【明報專訊】EDDIE CHU, a member of the Legislative Council, applied to run for the role of village representative. His candidacy has been ruled invalid by a returning officer. This has triggered another "disqualification" controversy.
Since the Legco swearing-in saga in 2016, controversies about the disqualification of candidates in elections have arisen repeatedly. Early this year the High Court rejected Andy Chan's election petition, confirming that a returning officer has the power to decide whether people nominated to run in Legislative Council elections have satisfied the requirement that they should declare to "uphold the Basic Law". However, not all cases of disqualification are the same. Whether a returning officer has handled the matter appropriately has to be decided in a case-by-case manner. It is difficult to make broad generalisations. The decision by the returning officer in question this time to ban Eddie Chu from running for village representative is, obviously, relatively controversial.
The incident surrounding the statement in which Eddie Chu expressed support for including Hong Kong's independence as one of the options for Hong Kong's self-determination happened after the nomination period for the 2016 Legco elections. When Chu was sworn in as a lawmaker, the National People's Congress had yet to interpret Article 104 of the Basic Law. Judging from the timeline of what happened and the legal perspective, it is difficult to argue that the returning officer's decision this time is tantamount to "moving the goalposts politically" just because the returning officer confirmed Chu's nomination back then and the Legislative Council allowed him to be sworn in. The biggest problem with the disqualification of Chu this time is whether the government should apply the same set of rules targeting organs of political powers to the elections of village representatives, who do not belong to organs of political powers.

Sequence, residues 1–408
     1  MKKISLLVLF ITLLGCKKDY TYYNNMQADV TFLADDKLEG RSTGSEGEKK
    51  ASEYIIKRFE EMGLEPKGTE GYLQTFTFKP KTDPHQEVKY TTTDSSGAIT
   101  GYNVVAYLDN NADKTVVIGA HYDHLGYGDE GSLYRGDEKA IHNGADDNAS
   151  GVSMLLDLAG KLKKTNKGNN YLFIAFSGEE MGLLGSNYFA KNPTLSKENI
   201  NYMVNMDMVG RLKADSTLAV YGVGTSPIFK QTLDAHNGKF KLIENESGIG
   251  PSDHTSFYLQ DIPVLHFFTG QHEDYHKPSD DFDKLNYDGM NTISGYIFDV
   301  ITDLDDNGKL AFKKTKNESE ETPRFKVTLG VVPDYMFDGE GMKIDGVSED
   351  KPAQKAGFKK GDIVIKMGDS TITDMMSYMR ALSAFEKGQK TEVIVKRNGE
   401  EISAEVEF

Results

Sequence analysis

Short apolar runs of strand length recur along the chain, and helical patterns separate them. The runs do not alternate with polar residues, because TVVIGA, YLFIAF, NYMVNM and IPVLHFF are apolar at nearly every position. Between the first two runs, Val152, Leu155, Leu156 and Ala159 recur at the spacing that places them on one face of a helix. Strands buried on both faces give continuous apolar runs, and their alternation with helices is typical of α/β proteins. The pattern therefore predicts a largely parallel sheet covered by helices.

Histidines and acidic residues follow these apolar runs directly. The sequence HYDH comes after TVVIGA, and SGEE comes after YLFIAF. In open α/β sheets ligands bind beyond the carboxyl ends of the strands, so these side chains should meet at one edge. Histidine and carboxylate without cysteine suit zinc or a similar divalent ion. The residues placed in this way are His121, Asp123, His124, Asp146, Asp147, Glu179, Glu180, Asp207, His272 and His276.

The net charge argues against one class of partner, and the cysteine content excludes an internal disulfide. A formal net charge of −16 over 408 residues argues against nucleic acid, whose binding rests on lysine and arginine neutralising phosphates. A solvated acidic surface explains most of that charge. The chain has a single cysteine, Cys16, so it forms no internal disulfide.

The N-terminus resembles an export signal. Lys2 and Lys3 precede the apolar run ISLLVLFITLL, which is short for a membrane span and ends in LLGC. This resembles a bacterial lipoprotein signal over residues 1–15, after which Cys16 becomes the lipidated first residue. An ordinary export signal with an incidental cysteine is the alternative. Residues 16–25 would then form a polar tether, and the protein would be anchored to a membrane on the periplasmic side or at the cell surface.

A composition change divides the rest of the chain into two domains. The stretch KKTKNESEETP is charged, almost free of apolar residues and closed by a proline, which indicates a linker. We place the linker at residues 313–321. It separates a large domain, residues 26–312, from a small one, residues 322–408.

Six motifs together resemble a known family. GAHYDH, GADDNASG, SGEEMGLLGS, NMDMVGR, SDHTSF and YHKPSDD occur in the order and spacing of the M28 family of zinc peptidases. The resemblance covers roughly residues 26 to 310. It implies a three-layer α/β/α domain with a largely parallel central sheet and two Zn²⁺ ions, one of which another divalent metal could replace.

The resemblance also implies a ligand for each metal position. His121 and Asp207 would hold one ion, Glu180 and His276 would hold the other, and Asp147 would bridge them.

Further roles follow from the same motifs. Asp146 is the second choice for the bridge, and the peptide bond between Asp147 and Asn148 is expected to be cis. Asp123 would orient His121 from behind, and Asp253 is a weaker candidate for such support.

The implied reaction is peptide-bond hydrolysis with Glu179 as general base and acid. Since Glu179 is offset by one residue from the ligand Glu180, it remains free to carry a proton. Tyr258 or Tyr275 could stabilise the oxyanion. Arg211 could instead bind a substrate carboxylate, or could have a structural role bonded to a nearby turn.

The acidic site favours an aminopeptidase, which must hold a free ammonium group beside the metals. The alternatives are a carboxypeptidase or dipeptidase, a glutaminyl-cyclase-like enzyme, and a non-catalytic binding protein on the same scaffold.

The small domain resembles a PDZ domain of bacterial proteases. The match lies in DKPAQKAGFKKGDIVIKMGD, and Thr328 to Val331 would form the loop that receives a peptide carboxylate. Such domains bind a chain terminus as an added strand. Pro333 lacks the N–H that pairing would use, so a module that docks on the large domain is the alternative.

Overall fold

According to Article 104 of the Basic Law, the Chief Executive, principal officials, members of the Executive Council and of the Legislative Council, judges of the courts at all levels and other members of the judiciary must, in accordance with law, swear to uphold the Basic Law and swear allegiance to the HKSAR when assuming office. In its interpretation of the Basic Law, the National People's Congress stressed that this is the legal requirement and condition for running in elections and assuming related public office. The article targets only organs of political power. As for organisations that are not organs of political power, Articles 97 and 98 mention that the HKSAR can set up these district organisations to be consulted by the government or to be responsible for providing services in such fields as culture, recreation and environmental sanitation. The powers and functions of the district organisations and the method for their formation shall be prescribed by law.
The system of village representation has long existed in the rural areas of the New Territories. The Rural Representative Election Ordinance came into being thanks to a ruling handed down in 2000 by the Court of Final Appeal that the system of elections in villages violated human rights and discriminated against non-indigenous residents. Rural representative elections are a public affair, and are handled by government departments. But they are fundamentally different in nature from the system of District Councils created by the government.
Organs of political power are different from non-organs of political power, and village representative elections differ in nature from Legislative Council and District Council elections. Though they are all handled by the government, it is not necessary to standardise all the requirements. An aggressive attempt to standardise elections might lead to questions such as where the line should be drawn and how standardised should elections be. Some professional groups, for example, take part in Legco functional constituency elections and even chief executive elections. If the government demands that the requirement of upholding the Basic Law be included in these internal elections, it might provoke a backlash. That Eddie Chu has been barred from the village representative election has to do with where the line should be drawn. The most appropriate thing to do is for Eddie Chu to file an election petition so that the matter will be decided by the court.
tentacles : the influence that a large place, organisation or system has and that is hard to avoid
uphold : to support sth that you think is right and make sure that it continues to exist
organ : an official organisation that is part of a larger organisation and has a special purpose